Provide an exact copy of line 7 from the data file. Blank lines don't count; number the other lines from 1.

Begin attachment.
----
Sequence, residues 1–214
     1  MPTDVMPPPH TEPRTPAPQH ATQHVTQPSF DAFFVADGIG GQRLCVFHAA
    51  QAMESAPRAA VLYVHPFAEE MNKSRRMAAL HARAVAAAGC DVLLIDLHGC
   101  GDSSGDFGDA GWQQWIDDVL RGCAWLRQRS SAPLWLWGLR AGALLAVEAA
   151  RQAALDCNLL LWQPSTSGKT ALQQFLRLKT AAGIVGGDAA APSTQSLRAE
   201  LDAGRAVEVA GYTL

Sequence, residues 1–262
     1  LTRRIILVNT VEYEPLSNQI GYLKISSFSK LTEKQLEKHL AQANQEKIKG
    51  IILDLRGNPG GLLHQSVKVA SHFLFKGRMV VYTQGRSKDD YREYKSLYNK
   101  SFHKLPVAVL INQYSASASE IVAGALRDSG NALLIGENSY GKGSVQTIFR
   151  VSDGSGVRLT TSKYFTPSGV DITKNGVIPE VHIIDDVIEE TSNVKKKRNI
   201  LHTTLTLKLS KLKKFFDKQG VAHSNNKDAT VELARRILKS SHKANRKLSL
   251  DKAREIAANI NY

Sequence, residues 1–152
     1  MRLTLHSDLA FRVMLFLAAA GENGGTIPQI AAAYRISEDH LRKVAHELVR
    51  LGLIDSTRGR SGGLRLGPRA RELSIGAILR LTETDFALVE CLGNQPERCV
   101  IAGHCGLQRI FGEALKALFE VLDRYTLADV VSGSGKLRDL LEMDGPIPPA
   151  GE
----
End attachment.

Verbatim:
Sequence, residues 1–262